When you play as many time management games as I have (and many more exist that I haven’t tried), you wonder if it’s possible for a developer to come up with more undiscovered surprises. First Class Flurry answers, “Yes!” And, no it’s not an Airport Mania copy.
I don’t dream of becoming a pilot or traveling the world free as a paid flight attendant. Sure, I want to see the world, but I’ll have to do it the traditional way — shell out the bucks. Nonetheless, First Class Flurry satisfies — and way more than a Snickers bar.
Like the old airline, Braniff Airways, Starlink files for bankruptcy. But wait a minute. Like Braniff (as Braniff International Airlines, Inc.), Starlink comes back to life under a new owner. Claire, the flight attendant, happens to know the right people including the owner. The owner hires Claire as the lead flight attendant to ensure passengers are as happy as larks.
Not so fast — not as easy as you might think. You deal with sick, whiny, demanding, and honeymooning passengers of all ages. In typical time management fashion, players must reach the minimum score to move on to the next level. Time management kings and queens, challenge yourself and shoot for the expert score every time.
Claire starts working on a diddly economy flight, but play well — and she can move up to business class, first class, and finally royal first class. Her job involves making meals, fetching drinks, finding lost handheld devices and diamond rings, and handing out other comforts of the plane like headphones, pillows, and sleeping masks.
Claire tracks orders, recycles the trash, and somehow has to watch for annoying kids who cry because they can’t find mommy or they want to pester other passengers. After you earn enough points, you can buy a tray to carry three items and even four. Not often a game lets you carry more than two things and I like it!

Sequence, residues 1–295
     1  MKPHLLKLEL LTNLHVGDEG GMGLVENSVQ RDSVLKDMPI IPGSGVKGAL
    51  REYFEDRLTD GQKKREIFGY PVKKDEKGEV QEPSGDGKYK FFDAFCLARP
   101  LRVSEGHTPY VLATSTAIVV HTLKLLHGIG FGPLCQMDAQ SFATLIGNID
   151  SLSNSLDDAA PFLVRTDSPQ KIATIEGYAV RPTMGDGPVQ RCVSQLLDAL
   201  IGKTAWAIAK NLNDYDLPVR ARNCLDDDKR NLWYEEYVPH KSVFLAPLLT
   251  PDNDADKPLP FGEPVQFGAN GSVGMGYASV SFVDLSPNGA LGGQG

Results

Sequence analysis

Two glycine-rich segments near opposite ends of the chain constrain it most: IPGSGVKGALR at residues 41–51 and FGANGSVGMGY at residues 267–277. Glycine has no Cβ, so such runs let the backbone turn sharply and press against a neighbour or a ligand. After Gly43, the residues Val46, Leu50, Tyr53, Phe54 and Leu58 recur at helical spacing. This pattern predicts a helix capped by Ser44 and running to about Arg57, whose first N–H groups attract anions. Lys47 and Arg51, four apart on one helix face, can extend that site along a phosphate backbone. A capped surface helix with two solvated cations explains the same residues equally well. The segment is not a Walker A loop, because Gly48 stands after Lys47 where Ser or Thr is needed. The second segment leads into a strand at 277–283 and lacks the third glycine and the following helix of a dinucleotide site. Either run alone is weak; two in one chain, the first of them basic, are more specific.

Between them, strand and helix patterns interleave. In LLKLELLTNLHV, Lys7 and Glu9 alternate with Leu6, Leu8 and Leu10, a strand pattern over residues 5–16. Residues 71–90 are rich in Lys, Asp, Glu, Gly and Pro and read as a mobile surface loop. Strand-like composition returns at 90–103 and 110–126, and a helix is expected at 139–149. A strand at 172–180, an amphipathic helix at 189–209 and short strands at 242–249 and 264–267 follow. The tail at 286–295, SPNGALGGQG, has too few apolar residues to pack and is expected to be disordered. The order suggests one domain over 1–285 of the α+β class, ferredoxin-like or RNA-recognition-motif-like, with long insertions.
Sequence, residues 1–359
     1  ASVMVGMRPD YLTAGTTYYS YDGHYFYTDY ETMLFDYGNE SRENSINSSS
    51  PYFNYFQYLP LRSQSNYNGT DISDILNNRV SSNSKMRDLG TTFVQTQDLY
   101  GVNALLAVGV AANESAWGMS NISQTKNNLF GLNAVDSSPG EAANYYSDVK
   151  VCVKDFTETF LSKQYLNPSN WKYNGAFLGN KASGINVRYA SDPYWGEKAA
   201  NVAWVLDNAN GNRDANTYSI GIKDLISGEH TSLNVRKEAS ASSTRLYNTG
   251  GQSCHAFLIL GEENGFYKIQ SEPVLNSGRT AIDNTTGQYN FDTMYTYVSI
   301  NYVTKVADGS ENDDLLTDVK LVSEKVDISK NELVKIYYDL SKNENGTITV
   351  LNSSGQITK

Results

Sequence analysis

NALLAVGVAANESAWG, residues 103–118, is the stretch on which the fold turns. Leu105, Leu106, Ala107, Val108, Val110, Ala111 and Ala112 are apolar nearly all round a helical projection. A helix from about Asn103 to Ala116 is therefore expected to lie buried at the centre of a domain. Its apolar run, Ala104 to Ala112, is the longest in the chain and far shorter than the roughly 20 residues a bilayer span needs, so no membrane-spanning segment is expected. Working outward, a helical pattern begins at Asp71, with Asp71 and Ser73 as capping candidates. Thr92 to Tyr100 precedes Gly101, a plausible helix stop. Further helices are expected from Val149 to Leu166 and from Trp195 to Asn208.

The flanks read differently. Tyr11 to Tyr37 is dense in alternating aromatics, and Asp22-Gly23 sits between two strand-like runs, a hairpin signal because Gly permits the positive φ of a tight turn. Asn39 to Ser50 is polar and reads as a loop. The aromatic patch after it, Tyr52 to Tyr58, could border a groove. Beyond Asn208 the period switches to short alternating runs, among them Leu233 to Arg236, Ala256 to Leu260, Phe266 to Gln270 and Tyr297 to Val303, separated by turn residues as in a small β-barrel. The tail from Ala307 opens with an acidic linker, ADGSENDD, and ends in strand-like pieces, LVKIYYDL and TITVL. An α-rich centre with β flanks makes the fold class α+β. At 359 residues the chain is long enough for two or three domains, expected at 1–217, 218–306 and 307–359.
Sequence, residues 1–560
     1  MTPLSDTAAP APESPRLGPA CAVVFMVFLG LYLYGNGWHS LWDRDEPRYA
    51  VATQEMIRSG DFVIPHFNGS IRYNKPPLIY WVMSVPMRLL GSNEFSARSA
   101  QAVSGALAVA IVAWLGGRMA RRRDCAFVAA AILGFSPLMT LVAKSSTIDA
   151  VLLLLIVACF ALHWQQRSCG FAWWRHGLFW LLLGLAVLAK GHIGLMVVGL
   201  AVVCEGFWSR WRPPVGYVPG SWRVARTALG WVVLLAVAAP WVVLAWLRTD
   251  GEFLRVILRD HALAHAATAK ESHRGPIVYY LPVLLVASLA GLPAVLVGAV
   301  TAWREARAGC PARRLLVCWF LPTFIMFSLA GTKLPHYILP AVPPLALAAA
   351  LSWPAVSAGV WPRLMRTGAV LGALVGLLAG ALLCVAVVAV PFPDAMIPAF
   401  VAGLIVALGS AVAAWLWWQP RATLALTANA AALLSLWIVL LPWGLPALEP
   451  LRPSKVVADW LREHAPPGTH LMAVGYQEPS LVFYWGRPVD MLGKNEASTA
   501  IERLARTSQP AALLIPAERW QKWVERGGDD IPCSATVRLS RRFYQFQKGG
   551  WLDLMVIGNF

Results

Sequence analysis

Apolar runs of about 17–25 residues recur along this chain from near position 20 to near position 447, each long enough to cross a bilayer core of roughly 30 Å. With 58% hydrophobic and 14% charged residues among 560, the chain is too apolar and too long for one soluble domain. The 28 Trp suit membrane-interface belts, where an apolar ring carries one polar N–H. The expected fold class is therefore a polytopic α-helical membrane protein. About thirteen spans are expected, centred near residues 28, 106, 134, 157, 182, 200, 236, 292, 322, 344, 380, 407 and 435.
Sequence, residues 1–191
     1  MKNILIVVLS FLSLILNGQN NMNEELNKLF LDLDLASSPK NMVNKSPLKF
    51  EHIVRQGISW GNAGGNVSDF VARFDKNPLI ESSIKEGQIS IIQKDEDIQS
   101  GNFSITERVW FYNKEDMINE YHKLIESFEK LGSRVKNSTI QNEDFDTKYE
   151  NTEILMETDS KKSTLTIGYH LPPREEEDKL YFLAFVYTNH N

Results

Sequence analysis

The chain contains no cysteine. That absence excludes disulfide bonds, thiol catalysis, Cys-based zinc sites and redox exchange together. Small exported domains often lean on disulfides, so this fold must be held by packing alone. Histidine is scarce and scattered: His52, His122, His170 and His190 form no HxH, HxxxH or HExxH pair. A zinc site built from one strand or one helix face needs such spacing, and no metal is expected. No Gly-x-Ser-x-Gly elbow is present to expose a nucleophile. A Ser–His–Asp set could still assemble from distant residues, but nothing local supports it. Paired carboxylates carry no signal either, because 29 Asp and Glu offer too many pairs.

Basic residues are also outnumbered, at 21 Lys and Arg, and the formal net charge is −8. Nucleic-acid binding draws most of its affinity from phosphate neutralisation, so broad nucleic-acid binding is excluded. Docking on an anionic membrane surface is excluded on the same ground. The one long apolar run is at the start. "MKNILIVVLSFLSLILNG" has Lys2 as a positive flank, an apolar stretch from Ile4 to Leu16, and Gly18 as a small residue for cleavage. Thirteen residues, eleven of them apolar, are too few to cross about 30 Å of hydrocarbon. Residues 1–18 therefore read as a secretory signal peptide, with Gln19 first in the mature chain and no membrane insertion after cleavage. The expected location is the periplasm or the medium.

Travelers also come with hearts for your monitoring their happiness levels. When the levels dip below unacceptable levels, you lose points. Quickly giving them what they want will keep them smiling. You also have the opportunity to simultaneously boost everyone’s happiness by spraying air freshener — can only use once per flight.
Another way — and you’re stuck with a captain who thinks too much of himself — is to quickly serve the captain whatever he (yes, “he” while the flight attendant is a “she”– don’t blame the messenger) wants. Once he’s happy, the whole flight smiles in adoration right back at the captain. The guy has an ego, but I love my job anyway.
The flights can fly in one of four locations: North America, Asia, Europe, and Africa. Pick any to start and fly for the duration of the economy flight. Finish that and you select another spot for business class. As you travel to new locations, you’ll notice some culture in the air. Plus, learn or refresh your knowledge of flags for different countries in the flight map.
Turbulence? Of course, there’s turbulence and it interrupts your work. Forget whatever you’re doing and make a run for the phone to warn passengers of impending bumpiness. Then help the lazy ones buckle their belts and get to your seat all within seconds or else enjoy a nice headache.
The game works beautifully with the mouse and its two buttons. Right-click anytime to cancel an action. Click ahead to get Claire hopping in doing a bunch of tasks in a row. It’s a lovely thing to have almost complete control over future actions. Although, the game occasionally gets me by having a passenger cancel his order and I keep trucking along unaware.
Upgrades and tasks can make or break a game. First Class Flurry aces the test. Upgrades change the look and color of the airplane, add features and décor to relax the passengers (hint: make them happier and more patient), and speed Claire’s movements. Some upgrades come with a few color options. With each flight class, you start over on the upgrades. You may or might not be able to buy all of them before the end of the flight class — just depends on how well you play.
Way past the game’s halfway point, the game continues to surprise with new dishes and features. So the tasks don’t feel repetitive especially in food preparation. On one flight, Claire makes burgers and fries. On another, she makes salmon (takes three steps) and sandwiches (also three steps). The station locations — such as the emergency kit and the magazine rack — also change around so you can’t get comfy.
First Class Flurry is almost perfect. Its wonderful all-around production values overshadow the few scrapes. For some, the pace can get frantic a little sooner than they would like. Some dishes are hard to distinguish especially the noodle family. That nuisance goes away after a little practice. Aptly named First Class Flurry is indeed a first class game. Take off and go play it!